Cyber security is consistently hailed as a top global concern for governments, individuals and businesses alike. However, most rhetoric on the subject focuses on securing information technology (IT), rather than operational technology (OT). In this article Reinhard Mayr, head of information security and research operations at automation software supplier COPA-DATA, examines the need for a different approach.
Cyber security has experienced an image transformation in the last two decades. No longer is it seen as a technical enigma handled only by the most senior specialists, but it is now an essential part of every businesses operation. In fact, according to Cyber Security Ventures, there could be up to 3.5 million openings for cyber security related jobs in 2025, with information security analyst being the tenth fastest growing occupation over the next decade.
However, the next generation of cyber security specialists must understand the stark differences between IT and OT security.
The OT challenge
OT is typically defined as the hardware and software that manages the operation of a process or processes. In an industrial setting, this describes industrial control systems and their connected equipment — think programmable logic controllers (PLCs), human-machine interfaces (HMIs), plus any form of automation such as pumps, fans and compressors. Put simply, OT is the technology that keeps plants running.
While the basic purpose of IT and OT cyber security are the same: to protect devices, networks, systems and users, there are some significant differences, and as such, significantly different consequences to their failures.
Among the most crucial areas of cyber security in OT is the protection of critical infrastructure. According to data released by the Organization of American States and Trend Micro, 54 per cent of critical infrastructure suppliers surveyed had reported attempts to infiltrate their industrial control systems — and the problem is not unique to the United States. The most high-profile example of an attack on critical infrastructure came in the form of the Stuxnet virus that targeted PLCs of the Iranian nuclear program back in 2010. Since then, there have been countless examples of cyber attacks on OT. In fact, during 2021 the number of cyber attacks on OT that lead to physical consequences increased by 144 per cent compared to the previous year, according to data by ICS Strive.
Moreover, the problem is intensifying. A damning report published by the Financial Times, demonstrated that while three quarters of manufacturing companies claim they are aware of cyber risks and can deal with most of them, many actually lack the skills and security practices to do so.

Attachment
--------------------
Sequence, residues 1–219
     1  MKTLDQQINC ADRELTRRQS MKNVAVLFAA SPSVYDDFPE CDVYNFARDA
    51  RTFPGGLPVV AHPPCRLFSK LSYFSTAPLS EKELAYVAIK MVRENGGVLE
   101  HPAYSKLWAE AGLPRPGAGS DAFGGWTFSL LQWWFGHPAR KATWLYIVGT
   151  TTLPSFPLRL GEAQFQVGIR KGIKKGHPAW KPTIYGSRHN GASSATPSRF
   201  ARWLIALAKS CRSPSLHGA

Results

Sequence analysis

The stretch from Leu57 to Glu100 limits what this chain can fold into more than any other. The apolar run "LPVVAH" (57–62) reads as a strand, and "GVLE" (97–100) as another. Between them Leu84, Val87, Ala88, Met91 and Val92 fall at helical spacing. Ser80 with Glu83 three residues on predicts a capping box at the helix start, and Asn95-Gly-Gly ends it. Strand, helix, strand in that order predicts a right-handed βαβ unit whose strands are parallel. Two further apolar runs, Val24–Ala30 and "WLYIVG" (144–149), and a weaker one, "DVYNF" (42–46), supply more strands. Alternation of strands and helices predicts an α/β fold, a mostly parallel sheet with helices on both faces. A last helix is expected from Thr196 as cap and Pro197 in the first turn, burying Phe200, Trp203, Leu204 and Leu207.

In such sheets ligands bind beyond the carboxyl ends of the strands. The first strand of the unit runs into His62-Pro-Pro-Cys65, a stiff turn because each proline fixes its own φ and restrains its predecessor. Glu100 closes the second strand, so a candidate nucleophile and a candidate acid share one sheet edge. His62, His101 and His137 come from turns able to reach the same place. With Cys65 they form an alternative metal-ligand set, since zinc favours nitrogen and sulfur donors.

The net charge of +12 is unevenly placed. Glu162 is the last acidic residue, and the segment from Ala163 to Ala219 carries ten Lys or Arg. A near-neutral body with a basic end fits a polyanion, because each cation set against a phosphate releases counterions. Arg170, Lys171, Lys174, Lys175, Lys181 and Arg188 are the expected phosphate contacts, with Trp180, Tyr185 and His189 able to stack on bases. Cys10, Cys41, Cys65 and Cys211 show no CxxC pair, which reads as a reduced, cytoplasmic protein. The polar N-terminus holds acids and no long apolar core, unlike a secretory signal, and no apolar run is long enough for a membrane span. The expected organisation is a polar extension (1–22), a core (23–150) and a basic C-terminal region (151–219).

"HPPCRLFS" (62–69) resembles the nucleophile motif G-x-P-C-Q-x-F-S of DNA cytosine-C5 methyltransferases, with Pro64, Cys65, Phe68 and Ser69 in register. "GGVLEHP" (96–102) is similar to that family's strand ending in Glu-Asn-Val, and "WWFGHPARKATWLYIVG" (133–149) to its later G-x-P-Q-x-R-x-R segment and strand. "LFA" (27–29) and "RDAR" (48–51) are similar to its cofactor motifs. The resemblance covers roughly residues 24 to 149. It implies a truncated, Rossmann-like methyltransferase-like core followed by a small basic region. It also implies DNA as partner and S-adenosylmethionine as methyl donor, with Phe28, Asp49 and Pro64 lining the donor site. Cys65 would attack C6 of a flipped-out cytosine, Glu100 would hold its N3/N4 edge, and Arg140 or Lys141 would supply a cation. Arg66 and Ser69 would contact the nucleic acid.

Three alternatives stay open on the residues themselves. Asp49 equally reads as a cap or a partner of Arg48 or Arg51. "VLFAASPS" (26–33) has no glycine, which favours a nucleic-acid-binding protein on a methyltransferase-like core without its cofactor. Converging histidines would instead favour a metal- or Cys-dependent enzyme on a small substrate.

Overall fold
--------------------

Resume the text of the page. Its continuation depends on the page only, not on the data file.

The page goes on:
There is an urgent need to improve cyber security for OT and this must start with education and research.
The future of OT security
There are already some promising examples of organizations investing in OT security research and development. The Josef Ressel Centre ISIA is a newly developed research institute based in Salzburg, Austria. Built to investigate the future of digitalisation and industrial automation, the centre will focus specifically on the potential of digital assistants for industrial machines through systems architectures, artificial intelligence and cyber security.
The centre has been funded by a trio of industrial partners: B&R Industrial Automation, SIGMATEK and COPA-DATA. As a cyber security specialist, COPA-DATA will be predominately involved in research into cyber security for OT. The goal of the investment is to avoid the common pitfall of research institutes: the challenge of finding partners that can industrialize the result of the project.
While the Josef Ressel Centre is set to make significant advancements in the realm of OT security, more must be done ensure OT-centric cyber security is prioritised by industry. As manufacturers and critical infrastructure suppliers become increasingly digitalized, the extent of sophistication from hackers will grow. As a minimum, we must ensure that OT cyber security strategies grow at a faster pace.
COPA-DATA is an independent software manufacturer that specializes in digitalization for the manufacturing industry and energy sector. Its zenon® software platform enables users worldwide to automate, manage, monitor, integrate and optimize machines, equipment, buildings and power grids. COPA-DATA combines decades of experience in automation with the potential of digital transformation. In this way, the company supports its customers to achieve their objectives more easily, faster and more efficiently. The family-owned business was founded by Thomas Punzenberger in 1987 in Salzburg, Austria. In 2021, with more than 300 employees worldwide, it generated revenue of EUR 64 million.
For more information, please visit www.copadata.com